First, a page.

This has been a week of conflicting emotions for me as two of my heroes have been all over the news for the wrong reasons: Jimmy Savile and Lance Armstrong. Their fall from grace has been dramatic.
Like so many children of my generation, I grew up watching Jimmy Savile’s ‘Jim’ll Fix It’. Each week we’d enjoy his surprises and the dreams he made come true for those who wrote in. I’ll never forget the belly rippling boy who was awarded a fur backed medal so it wasn’t cold on his tummy and the sight of the cub scout pack who asked to be allowed to eat their lunch on a roller coaster! We also marvelled at his charity work, especially his marathon running as he grew older.
As a keen cyclist and follower of the Tour de France, to me Lance Armstrong stood on his own. Maybe his cycling wasn’t as exciting as some of his predecessors to watch, but his achievement in winning the Tour 7 times was phenomenal; unmatched before and after. This was all the more remarkable when you take into account his overcoming life-threatening cancer just as his career was taking off. Like Savile, he also raised significant amounts of money for charity.
Sadly, these ‘greats’ have been accused of abuse and organised doping respectively. No longer are they heroes to be celebrated, but villains to be distanced from.
In no way do I want to condone what they are alleged to have done. These are serious matters and are not to be hidden away or dismissed, but I do wonder, do these actions that have come to light mean that we should discard the good that their fund raising achieved, or the entertainment that their work brought us? When we are children, we see people as being either goodies or baddies. It is only as we grow up that we learn to be more discerning and realise that we are all both; there is good and bad in each of us. In the language of the Bible we are made in God’s image, but tainted by sin. However, when it comes to public figures we forget this; we build people up, and then at the first sign of weakness or wrong, tear them down.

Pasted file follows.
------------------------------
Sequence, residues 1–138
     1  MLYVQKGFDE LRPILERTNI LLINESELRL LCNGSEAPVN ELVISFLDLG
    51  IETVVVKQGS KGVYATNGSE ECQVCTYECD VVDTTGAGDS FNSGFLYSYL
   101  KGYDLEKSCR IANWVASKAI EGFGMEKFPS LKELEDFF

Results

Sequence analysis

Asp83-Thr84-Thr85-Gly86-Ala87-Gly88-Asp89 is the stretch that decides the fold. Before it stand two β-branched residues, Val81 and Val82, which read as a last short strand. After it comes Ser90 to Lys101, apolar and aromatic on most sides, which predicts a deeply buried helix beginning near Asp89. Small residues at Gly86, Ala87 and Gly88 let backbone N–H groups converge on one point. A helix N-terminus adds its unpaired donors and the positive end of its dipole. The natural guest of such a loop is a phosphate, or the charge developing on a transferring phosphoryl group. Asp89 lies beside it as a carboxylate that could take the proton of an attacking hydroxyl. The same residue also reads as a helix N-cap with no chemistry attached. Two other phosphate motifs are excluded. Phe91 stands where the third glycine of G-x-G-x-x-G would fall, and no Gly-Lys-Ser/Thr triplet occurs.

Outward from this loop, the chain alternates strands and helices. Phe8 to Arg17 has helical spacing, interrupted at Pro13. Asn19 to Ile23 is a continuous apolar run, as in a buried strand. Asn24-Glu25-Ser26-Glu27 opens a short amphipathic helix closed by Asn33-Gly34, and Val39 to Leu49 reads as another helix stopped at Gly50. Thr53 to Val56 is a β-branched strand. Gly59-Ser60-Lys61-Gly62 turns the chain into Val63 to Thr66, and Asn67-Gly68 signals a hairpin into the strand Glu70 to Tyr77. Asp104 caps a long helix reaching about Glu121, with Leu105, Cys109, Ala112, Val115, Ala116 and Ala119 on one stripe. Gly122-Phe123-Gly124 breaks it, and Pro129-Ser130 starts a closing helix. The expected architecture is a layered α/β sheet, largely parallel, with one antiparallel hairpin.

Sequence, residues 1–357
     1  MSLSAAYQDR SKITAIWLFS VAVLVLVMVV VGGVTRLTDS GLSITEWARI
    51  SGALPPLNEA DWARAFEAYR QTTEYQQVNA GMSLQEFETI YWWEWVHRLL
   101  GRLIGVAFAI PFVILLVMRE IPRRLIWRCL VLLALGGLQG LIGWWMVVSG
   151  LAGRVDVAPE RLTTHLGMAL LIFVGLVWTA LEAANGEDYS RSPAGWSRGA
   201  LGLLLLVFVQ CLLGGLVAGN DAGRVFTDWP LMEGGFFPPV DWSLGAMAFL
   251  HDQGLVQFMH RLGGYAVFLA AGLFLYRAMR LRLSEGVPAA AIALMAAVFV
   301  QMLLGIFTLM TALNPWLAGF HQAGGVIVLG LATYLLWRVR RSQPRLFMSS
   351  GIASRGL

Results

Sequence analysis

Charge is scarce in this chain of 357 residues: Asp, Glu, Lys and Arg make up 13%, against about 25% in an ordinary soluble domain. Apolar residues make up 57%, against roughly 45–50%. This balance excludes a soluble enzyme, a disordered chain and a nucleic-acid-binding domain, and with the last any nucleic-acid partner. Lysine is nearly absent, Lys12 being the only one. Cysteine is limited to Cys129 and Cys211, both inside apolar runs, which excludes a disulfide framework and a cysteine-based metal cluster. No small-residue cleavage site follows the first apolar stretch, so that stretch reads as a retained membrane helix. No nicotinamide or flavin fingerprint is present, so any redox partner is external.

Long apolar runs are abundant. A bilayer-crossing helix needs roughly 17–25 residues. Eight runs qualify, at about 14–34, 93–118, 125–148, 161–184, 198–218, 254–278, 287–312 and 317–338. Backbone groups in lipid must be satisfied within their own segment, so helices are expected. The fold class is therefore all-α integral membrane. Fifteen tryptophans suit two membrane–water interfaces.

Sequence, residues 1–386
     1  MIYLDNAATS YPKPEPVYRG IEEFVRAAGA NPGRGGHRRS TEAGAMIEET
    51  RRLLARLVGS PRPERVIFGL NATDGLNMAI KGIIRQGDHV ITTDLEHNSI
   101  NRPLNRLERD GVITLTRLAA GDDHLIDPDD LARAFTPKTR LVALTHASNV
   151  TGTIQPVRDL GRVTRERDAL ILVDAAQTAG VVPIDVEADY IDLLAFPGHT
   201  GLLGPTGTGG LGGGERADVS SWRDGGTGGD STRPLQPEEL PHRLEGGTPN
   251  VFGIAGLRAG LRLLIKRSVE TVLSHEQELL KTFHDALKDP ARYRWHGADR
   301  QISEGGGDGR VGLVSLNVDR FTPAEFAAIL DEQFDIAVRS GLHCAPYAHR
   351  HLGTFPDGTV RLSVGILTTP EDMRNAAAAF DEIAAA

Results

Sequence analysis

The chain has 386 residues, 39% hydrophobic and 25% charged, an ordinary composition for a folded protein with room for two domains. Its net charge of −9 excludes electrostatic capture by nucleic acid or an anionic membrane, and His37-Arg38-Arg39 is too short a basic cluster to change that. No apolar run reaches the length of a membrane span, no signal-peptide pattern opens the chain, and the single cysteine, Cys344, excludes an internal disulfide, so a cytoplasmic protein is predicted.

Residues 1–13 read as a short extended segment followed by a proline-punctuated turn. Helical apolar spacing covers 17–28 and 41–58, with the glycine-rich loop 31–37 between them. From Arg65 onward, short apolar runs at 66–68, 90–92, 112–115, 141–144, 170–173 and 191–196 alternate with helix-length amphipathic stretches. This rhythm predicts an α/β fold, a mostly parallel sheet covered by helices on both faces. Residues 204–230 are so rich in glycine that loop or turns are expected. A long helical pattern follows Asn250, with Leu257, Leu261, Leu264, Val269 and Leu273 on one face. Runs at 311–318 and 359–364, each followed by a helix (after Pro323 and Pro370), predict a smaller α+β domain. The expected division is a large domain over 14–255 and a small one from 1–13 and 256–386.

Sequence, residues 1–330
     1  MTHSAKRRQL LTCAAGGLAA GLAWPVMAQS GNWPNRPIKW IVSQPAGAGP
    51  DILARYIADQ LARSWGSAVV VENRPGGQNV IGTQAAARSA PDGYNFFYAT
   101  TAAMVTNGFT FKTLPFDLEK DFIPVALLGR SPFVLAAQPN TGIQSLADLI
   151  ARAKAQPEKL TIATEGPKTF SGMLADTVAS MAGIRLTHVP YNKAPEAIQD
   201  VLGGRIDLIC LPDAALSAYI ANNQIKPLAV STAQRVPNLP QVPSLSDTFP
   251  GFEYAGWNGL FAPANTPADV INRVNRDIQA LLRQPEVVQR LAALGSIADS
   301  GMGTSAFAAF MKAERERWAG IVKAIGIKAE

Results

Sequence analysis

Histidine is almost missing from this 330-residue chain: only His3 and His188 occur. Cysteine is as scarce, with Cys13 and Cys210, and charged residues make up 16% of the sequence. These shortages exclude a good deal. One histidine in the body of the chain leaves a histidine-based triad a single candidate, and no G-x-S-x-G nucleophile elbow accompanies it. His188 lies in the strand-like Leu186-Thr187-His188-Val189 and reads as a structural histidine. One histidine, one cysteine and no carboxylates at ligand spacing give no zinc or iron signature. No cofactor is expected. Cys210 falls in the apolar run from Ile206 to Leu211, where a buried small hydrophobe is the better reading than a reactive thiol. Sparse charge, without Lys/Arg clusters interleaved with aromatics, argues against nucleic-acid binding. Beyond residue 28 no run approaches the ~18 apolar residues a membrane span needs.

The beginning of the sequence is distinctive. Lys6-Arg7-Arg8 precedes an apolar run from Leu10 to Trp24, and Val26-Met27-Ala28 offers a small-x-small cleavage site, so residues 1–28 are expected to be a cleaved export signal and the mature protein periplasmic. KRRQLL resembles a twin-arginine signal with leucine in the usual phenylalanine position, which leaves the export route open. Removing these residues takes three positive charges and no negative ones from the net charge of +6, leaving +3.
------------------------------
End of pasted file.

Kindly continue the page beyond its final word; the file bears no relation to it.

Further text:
If we are honest, we have all fallen from grace although maybe not as publicly as these two men. Maybe that should make us think twice about how we respond? It also highlights how wonderful today is. As L… climbs into the baptismal tank, he is admitting that he, like all of us, is far from perfect, but at the same time he is celebrating the amazing truth that God, the only pure ‘goodie’, has not rejected him, but in Jesus and his Cross has accepted him and given him the opportunity for a fresh start. Could we ever dare to have the same honesty and yet the capacity to show such mercy and love?
Church newsletter article 14.10.12